So, now, based on this research, we might need to be aware of which character quality we want to teach and employ contradictory instructional strategies for some of them.

Teaching is complicated, ain’t it?

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April 12, 2014
by Larry Ferlazzo
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LBJ As A Teacher In Texas

In-that-year-teaching-at

I knew that Lyndon Baines Johnson had been a teacher, but had never explored it further.

I’ve been an admirer of much of LBJ’s work (though, obviously, not of his terrible actions in Vietnam). You can read some of my thoughts about him at This Is A Great Passage For Learning How To Make Change.

Today, NPR has a segment about his time as a teacher in a high-poverty school in Texas, and his visit there years later after he became President. It also includes the audio of the speech he gave (the second video below is a report on his visit).

You can read his entire speech here.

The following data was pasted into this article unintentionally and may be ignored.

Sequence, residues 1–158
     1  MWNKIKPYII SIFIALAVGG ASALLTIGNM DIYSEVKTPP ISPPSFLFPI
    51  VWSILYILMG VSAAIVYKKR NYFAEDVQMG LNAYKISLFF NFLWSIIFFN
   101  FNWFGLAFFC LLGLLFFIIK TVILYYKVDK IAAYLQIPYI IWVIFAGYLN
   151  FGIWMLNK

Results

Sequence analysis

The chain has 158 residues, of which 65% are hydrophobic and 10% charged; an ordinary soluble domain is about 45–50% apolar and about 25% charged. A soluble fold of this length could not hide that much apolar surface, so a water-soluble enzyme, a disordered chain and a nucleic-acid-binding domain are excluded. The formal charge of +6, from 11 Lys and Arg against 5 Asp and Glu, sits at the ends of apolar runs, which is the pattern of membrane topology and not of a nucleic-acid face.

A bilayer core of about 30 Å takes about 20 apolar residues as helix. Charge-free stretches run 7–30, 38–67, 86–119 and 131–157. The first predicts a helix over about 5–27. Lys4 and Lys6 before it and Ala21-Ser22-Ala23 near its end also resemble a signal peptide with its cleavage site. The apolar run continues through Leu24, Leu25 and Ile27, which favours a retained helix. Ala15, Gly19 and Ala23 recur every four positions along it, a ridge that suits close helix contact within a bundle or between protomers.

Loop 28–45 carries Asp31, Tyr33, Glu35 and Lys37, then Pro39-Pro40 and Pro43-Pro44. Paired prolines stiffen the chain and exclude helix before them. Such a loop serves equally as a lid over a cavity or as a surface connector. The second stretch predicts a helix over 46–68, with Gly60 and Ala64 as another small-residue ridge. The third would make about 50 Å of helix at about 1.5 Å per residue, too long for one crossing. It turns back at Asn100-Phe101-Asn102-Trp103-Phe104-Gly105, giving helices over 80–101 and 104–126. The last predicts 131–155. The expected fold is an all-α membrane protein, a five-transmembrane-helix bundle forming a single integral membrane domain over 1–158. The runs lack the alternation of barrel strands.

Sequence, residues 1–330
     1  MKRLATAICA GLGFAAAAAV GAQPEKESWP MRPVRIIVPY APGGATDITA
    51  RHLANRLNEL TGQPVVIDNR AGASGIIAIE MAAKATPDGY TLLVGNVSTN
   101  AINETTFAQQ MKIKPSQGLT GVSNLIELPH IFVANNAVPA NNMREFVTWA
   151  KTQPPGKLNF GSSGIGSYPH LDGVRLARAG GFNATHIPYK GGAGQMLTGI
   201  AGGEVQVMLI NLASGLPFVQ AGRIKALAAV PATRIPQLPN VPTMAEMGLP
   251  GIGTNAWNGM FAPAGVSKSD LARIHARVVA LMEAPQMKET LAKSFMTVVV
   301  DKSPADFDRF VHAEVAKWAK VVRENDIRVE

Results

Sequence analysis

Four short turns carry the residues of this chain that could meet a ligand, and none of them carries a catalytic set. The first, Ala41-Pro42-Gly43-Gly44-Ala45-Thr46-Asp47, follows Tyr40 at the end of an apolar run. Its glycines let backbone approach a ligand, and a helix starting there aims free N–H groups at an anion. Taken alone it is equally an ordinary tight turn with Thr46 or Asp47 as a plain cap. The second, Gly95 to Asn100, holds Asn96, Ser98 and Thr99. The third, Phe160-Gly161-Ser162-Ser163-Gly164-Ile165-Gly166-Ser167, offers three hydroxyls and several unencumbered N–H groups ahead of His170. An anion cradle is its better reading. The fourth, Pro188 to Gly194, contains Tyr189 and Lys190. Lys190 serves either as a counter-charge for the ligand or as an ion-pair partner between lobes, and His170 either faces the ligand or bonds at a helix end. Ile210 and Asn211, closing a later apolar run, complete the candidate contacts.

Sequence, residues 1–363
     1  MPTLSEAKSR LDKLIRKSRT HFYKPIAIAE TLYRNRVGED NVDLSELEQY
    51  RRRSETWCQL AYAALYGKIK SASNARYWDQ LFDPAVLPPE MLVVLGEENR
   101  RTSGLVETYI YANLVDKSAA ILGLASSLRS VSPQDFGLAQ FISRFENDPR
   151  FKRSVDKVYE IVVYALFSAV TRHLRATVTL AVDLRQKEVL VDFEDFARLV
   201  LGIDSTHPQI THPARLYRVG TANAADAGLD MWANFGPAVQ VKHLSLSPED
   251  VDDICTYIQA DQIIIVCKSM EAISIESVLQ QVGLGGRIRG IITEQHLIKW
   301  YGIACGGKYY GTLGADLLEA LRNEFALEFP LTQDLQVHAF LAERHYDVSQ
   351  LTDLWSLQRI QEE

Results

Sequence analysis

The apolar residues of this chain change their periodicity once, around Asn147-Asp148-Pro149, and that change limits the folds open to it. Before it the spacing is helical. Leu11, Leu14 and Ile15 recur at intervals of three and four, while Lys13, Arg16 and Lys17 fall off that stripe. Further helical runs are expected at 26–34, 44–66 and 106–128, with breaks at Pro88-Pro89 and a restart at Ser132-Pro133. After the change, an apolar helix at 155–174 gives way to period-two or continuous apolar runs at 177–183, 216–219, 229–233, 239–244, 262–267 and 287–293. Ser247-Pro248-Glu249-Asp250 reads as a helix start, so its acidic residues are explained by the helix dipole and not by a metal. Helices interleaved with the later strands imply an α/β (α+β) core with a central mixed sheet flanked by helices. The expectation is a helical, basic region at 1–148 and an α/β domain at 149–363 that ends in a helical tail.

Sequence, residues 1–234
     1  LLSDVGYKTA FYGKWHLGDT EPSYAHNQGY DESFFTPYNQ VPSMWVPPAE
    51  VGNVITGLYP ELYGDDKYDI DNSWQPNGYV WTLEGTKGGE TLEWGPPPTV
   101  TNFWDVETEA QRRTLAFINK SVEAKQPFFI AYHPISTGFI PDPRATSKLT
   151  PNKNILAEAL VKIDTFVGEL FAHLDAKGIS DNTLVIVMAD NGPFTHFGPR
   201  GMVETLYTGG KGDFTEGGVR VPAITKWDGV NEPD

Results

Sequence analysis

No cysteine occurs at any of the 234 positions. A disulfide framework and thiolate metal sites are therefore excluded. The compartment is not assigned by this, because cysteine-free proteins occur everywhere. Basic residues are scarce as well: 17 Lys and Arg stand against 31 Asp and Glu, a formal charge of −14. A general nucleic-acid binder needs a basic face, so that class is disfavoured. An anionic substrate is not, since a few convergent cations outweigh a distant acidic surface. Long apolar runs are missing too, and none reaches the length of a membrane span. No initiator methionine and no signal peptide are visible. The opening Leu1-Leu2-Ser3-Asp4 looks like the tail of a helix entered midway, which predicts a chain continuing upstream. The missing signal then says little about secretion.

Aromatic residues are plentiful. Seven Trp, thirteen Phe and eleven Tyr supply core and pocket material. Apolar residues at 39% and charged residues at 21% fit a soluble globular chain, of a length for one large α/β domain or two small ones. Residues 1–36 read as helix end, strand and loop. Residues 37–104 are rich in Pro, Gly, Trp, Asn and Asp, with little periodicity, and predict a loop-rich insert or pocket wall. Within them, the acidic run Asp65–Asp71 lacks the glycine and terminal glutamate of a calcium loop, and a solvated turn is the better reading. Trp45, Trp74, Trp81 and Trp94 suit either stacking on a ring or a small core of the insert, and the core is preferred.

This first video is an excerpt of a speech he made to the U.S. Congress where he talked about his teaching:

I’ve used TubeChop to clip the segment on his Texas visit, and the video might not show up in an RSS Reader:

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April 11, 2014
by Larry Ferlazzo
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Three Good Resources For Learning About Different Cultures

'World map' photo (c) 2010, Martyn Wright - license: https://creativecommons.org/licenses/by/2.0/

Here are three new – and good – additions to one of my most popular “Best” lists: The Best Sites For Learning About The World’s Different Cultures:

My remote classroom: online students share their photos is from The Guardian.

What Can We Learn From Pictures of People and Their Trash? is an article in Smithsonian Magazine about an interesting project of taking photographs of people with the trash they throw out in a week. You can see the photos here.